Just one short week ago, we celebrated the College of Agriculture and Life Science at Cornell University’s Outstanding Accomplishments in Extension and Outreach Award. This award honors a team effort that benefits an important segment of the population or area of the state.
New York, like the rest of the world, is highly dependent on the hundreds of species of crop pollinators that collectively contribute roughly $170 billion a year to the global economy. Many are in decline and under threat in New York and elsewhere.
That’s why Dean Kathryn J. Boor ’80 recognized the Cornell Pollinator Health Team for their outstanding outreach accomplishments in a ceremony that celebrated research, extension and staff excellence.
The seven-member team includes entomologists, extension outreach specialists and pest management experts — one being NYS IPM‘s director Jennifer Grant.
The team provides critical extension and outreach on pollinator declines, including information on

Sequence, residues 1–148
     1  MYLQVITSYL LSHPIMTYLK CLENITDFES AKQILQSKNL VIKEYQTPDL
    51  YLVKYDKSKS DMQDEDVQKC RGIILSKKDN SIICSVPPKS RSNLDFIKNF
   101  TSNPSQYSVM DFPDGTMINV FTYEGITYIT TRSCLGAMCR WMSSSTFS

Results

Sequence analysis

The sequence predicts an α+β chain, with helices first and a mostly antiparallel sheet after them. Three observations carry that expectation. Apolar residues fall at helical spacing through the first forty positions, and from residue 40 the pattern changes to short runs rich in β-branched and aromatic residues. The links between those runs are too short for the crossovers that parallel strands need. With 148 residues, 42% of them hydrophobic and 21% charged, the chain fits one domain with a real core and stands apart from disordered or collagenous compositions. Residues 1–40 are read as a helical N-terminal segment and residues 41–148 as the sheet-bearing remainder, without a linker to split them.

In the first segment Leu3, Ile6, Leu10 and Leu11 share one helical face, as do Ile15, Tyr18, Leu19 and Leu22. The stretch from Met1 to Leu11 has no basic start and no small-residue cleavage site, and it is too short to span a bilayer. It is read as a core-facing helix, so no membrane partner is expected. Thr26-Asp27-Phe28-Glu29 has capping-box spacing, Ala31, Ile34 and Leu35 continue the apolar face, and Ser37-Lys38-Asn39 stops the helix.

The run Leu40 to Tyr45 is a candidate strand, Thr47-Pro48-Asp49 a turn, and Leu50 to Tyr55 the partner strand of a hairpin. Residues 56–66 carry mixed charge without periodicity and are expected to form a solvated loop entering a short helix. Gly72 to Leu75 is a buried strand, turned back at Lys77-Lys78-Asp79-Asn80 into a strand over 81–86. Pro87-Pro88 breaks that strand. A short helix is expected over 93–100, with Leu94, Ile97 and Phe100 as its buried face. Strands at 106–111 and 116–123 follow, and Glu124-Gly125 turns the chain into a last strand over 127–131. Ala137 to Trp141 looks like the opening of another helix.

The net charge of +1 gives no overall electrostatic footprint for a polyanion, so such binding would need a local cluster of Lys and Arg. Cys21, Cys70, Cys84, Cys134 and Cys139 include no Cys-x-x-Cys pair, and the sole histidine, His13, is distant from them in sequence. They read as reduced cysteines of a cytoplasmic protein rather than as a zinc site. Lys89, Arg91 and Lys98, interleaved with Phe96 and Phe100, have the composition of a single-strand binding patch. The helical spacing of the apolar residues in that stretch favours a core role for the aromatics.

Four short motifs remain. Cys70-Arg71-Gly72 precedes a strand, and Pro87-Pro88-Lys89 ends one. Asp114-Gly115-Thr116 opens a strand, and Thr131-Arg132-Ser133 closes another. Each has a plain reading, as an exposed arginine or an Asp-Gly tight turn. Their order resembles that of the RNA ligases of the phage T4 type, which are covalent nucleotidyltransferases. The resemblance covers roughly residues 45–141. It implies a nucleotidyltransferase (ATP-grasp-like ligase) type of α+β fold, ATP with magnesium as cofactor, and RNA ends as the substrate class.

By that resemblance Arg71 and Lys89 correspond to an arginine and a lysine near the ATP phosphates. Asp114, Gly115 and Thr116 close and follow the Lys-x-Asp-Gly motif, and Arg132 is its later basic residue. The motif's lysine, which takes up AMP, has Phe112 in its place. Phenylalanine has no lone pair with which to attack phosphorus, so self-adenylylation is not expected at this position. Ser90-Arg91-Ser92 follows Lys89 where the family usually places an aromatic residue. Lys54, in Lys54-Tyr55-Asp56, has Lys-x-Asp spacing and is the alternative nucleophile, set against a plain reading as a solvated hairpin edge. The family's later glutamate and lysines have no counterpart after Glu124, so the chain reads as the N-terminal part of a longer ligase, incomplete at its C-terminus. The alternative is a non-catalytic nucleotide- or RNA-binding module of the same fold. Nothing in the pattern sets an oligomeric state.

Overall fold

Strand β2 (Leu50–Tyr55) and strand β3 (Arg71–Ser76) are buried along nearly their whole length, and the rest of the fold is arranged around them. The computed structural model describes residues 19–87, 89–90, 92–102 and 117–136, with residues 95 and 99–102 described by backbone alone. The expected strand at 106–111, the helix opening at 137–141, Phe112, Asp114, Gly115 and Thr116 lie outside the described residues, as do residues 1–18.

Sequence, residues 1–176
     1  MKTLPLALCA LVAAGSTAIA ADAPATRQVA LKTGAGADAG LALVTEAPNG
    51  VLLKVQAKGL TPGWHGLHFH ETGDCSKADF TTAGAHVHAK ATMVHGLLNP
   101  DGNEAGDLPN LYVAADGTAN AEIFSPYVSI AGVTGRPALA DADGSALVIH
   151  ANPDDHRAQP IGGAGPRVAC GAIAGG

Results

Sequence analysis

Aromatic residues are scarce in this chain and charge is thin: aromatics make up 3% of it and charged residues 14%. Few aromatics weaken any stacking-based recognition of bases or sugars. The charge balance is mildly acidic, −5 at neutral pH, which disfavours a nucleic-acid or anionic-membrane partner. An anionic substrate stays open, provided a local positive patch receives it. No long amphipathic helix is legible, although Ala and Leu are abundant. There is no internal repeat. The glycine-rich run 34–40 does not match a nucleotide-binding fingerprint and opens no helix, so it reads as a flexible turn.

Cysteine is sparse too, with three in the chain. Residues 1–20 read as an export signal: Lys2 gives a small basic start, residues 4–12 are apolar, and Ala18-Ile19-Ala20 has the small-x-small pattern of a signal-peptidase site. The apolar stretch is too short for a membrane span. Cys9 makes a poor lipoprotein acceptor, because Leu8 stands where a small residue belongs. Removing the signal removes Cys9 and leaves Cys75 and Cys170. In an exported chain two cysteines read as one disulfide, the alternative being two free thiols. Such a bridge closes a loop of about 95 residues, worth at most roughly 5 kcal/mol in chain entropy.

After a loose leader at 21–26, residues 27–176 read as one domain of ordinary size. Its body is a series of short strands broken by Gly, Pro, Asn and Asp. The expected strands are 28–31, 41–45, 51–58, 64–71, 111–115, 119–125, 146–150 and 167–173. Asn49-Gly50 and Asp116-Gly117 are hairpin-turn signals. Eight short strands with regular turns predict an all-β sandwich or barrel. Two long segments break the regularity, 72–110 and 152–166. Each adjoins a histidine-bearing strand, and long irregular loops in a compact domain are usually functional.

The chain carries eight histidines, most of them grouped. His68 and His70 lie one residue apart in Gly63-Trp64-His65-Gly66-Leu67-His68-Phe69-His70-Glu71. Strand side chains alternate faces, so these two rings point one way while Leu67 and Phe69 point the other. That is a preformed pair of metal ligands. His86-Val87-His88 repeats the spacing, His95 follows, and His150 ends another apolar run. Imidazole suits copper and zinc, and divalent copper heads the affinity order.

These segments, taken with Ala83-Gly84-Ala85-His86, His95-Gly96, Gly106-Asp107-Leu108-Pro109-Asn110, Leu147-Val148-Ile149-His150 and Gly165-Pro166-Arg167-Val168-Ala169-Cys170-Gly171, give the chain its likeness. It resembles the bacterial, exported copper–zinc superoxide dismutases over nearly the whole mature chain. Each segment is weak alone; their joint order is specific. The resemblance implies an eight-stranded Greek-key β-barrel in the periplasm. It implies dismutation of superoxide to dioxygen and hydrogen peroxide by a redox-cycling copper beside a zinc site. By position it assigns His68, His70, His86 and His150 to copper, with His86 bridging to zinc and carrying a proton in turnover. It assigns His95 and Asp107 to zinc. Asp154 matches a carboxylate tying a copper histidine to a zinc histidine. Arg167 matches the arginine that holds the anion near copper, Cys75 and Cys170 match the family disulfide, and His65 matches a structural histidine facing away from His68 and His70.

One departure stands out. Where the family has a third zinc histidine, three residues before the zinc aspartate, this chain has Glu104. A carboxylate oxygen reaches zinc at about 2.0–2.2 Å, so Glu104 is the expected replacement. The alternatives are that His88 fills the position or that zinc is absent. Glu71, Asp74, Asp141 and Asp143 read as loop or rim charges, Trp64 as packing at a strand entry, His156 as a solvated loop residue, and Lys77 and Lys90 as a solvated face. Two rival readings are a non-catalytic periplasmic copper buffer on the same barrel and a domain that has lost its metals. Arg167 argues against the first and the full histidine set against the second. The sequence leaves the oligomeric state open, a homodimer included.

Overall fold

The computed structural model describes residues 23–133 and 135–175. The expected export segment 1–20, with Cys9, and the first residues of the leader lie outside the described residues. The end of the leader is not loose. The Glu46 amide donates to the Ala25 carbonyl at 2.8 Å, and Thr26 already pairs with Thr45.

- optimal habitats for honey bees, native bees, and other pollinators
- diseases that afflict bees
- how pesticides affect bees — other pollinators too
- what to do when your honey bees are in decline
With its focus on extension and outreach, the team has given more than 70 extension talks over the past three years in New York and elsewhere on pollinator health, bee diversity, integrated pest management practices and pesticide recommendations that minimize risks to bees — to all pollinators, in fact. Their audiences have included beekeepers, farmers, and lawmakers — as well as state and national organizations such as the New York Farm Bureau, the Audubon Society and Future Farmers of America.
“In three short years, the work of this team has made a notable impact both in scope and relevance to beekeepers,” Boor said at the ceremony. “The pollinator health team represents a model for how collaboration among different units at Cornell can lead to highly integrative and creative extension and outreach.”